Montane cloud forest (MCF) is generally characterized by persistent, frequent incidences of fog and low cloud cover at the canopy level, which usually harbors an abundant epiphyte community. To adapt to the water deficits, epiphytes was suggested to exhibit higher intrinsic water use efficiency (WUEi) than the ground-rooted plants. However, far too little attention has been paid to the quantitative relationship between the potential water sources and the WUEi among different groups of epiphytes.
In a study published in Water, researchers from Xishuangbanna Tropical Botanical Garden (XTBG) tried to quantify the water sources of different epiphyte groups in the dry season based on stable isotope techniques, and explore the intrinsic water use efficiency of various epiphyte groups in Ailaoshan montane cloud forest in SW China.
The researchers selected 12 dominant species belonging to four epiphyte groups (i.e., epiphytic lichens, epiphytic bryophytes, epiphytic ferns, and epiphytic seed plants) from Ailaoshan montane cloud forest to study their water use at the peak of the dry season.
They found that epiphytic lichens and epiphytic seed plants depended mainly on fog water, whereas the epiphytic bryophytes and epiphytic ferns relied on both fog water and humus. The contribution of fog water to the water sources could be as high as 83.2% in epiphytic lichens.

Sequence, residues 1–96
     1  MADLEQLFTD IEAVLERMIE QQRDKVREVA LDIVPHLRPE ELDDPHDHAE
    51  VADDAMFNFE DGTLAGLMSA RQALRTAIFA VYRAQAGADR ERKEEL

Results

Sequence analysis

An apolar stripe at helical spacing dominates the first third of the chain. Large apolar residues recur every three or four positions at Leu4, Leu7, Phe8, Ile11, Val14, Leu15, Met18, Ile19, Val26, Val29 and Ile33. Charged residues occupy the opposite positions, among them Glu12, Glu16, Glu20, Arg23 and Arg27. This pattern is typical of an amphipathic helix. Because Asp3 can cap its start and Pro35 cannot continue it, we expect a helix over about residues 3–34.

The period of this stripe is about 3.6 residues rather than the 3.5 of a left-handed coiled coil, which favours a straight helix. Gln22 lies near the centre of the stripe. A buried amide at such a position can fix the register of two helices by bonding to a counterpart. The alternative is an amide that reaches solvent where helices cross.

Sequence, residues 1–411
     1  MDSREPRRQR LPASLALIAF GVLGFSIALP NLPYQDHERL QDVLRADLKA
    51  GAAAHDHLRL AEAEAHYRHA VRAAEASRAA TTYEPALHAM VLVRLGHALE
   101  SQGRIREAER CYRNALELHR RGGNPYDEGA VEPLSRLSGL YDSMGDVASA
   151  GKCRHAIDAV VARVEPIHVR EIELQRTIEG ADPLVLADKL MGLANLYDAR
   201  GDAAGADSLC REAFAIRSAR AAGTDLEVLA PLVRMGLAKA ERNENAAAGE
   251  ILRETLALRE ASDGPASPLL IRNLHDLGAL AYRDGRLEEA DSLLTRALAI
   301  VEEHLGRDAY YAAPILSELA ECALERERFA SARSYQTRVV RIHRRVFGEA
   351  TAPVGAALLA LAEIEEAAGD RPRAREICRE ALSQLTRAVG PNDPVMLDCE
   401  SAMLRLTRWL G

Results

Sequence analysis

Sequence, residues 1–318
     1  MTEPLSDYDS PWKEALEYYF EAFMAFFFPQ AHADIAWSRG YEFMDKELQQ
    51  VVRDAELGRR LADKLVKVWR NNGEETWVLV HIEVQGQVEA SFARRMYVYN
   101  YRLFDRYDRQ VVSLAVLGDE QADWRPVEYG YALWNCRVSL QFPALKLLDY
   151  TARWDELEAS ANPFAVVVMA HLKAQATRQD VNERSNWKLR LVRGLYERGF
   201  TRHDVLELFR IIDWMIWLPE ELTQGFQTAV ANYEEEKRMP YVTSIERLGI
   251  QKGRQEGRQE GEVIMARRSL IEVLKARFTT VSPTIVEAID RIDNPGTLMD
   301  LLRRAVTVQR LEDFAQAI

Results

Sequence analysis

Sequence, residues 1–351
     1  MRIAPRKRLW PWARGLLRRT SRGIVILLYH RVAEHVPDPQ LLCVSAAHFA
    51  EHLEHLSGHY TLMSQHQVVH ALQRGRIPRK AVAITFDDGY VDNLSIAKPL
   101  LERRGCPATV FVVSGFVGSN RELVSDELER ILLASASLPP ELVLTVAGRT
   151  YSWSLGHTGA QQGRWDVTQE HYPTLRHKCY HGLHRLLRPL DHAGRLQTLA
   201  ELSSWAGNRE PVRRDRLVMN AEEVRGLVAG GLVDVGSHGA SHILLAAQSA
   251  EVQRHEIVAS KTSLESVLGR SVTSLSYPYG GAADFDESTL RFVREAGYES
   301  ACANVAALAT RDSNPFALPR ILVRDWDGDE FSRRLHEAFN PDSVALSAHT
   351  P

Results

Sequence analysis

They also found significant differences in WUEi among epiphytic groups and species. The variation in WUEi was probably related to the differentiation of water resources and water use strategies.The clear differentiation of water utilization among epiphytes provides a possible explanation for their coexistence.
High fog dependence of epiphytes indicates that predicted declines in fog persistence due to climate change may negatively impact their performance and survival. The potential deterioration of epiphytes due to decreasing fog persistence may have cascading effects on the whole forest ecosystem. “Therefore, more conservation attention should be paid to epiphytes in montane forest ecosystems under climate change,” said Dr. SONG Liang of XTBG.
SONG Liang Ph.D
Key Laboratory of Tropical Forest Ecology, Xishuangbanna Tropical Botanical Garden, Chinese Academy of Sciences, Mengla, Yunnan 666303, China E-mail: email@example.com
Montane cloud forest in SW Yunnan. (Image by SONG Liang)